Central character

Christ no doubt is the sower, but in a sense every believer who shares the gospel is a sower as well. In Jesus’ day, farmers walked through their fields scattering seed by hand broadly across their property, knowing that a high percentage of the seed would not bear fruit. Normally, another member of the family would follow the sower closely and plow the seed under. But many of the seeds were eaten by birds as they fell on footpaths; others landed in shallow soil with a stratum of rock beneath; and others fell at the fringes of the property among thorn bushes that the farmers used to build small cooking fires. Still, the seed is broadcast widely, and some seed finds the good soil, thus raising up a crop.


Jesus interprets the parable for His disciples:

  • The seed is the word of God (Luke 8:11) – the good news that the kingdom has come in the Person of Jesus the Messiah and that all may enter into the kingdom by faith in Him, the Word (Logos, John 1:1).
  • The birds represent Satan, who “takes away the word from their hearts, so that they may not believe and be saved” (Luke 8:12).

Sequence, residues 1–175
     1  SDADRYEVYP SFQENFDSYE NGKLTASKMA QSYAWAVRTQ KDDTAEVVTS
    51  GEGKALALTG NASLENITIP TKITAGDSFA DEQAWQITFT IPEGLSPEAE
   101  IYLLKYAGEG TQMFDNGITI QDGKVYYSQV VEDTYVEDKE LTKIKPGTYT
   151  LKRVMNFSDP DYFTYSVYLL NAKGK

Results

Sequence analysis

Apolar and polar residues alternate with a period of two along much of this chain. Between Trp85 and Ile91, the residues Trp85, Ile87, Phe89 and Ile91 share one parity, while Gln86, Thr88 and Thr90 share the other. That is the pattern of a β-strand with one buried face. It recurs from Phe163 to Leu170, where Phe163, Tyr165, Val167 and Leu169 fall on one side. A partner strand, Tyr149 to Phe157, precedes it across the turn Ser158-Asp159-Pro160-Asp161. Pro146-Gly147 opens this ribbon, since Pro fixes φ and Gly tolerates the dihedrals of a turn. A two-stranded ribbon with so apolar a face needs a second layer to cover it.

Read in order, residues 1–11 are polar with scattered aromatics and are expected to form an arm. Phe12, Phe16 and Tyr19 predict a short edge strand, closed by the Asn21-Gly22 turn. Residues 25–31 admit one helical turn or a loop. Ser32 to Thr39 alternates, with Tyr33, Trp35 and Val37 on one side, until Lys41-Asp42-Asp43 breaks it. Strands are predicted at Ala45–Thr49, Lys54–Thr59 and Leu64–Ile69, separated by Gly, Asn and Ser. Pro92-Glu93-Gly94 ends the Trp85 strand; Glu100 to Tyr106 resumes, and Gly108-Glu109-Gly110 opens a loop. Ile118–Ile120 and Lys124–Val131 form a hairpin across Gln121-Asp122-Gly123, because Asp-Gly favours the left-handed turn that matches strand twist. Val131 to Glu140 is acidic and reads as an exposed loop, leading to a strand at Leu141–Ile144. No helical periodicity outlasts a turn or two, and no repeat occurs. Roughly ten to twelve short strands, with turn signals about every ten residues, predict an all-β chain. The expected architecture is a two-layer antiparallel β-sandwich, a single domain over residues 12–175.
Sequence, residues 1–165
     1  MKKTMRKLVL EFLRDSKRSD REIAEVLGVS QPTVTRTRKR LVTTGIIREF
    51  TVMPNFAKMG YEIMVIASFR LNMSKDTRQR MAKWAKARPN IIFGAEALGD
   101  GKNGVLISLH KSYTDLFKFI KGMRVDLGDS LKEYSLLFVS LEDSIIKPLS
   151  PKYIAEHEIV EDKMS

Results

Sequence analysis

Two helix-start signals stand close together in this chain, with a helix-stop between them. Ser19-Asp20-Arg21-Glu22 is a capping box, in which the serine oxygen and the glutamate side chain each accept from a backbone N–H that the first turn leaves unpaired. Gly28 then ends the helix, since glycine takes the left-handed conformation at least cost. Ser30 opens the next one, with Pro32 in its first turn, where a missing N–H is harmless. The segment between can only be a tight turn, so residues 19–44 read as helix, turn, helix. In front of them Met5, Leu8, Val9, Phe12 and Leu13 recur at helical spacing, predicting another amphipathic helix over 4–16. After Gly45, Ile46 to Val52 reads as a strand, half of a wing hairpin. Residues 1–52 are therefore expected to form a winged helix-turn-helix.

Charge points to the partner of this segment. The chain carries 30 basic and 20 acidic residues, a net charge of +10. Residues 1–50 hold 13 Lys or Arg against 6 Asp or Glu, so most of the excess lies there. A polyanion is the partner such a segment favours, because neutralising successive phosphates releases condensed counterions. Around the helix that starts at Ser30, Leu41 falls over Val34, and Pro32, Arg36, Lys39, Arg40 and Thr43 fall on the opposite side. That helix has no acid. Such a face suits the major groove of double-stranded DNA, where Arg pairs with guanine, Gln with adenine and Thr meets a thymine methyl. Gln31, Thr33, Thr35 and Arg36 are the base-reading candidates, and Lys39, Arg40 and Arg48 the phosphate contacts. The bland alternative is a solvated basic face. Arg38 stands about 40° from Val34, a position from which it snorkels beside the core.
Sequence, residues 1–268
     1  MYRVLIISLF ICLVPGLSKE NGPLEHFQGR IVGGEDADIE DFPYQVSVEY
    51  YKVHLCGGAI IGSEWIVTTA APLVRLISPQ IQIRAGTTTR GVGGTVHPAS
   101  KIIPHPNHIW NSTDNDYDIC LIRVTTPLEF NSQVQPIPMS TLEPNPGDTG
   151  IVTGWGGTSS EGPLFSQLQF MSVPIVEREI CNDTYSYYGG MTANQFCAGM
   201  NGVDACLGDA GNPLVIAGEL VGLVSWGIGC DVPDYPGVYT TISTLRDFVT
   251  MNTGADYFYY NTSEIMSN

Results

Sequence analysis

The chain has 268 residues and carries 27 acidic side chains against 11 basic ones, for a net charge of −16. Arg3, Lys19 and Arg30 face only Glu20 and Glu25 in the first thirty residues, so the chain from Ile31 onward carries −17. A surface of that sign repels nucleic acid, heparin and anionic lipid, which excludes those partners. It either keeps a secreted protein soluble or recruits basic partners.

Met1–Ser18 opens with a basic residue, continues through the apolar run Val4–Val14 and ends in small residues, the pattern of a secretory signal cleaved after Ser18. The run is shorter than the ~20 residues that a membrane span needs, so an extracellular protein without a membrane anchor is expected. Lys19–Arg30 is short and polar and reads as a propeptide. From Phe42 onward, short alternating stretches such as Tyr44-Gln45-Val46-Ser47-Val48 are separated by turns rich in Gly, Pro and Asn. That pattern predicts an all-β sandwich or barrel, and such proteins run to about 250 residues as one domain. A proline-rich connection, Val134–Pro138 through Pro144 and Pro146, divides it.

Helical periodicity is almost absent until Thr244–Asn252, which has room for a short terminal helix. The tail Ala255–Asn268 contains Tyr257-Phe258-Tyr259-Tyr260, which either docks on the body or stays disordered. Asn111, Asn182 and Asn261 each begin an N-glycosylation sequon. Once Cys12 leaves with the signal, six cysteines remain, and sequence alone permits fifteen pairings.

• The seed along the path stands for the impact of the word on hearers who do not understand. Their hearts are hardened like the footpaths winding through ancient wheat fields. They cannot believe because they will not believe, much like the Jewish leaders Jesus described in Matt. 13:12-15.
  • The seed on the rocky ground represents the impact of the word on shallow, uncommitted hearers. They may have an emotional response to the gospel but walk away when the reality of kingdom living – which may include pressure or persecution – sets in. Jesus’ followers who left him in John 6:66 are examples of those who loved Jesus’ miracles but balked at the call to discipleship.
  • The seed among the thorns illustrates the impact of the word on worldly hearers. Though understanding the gospel of the kingdom, they prefer the “worries, riches, and pleasures of life” (Luke 8:14). The rich young ruler who encountered Jesus falls into this category of hearers (Luke 18:18-23).
  • The seed in the good ground represents the impact of the word on those who, “having heard the word with an honest and good heart, hold on to it and by enduring, bear fruit” (Luke 8:15) – “some 100, some 60, some 30 times [what was sown]” (Matt. 13:23).

Spiritual application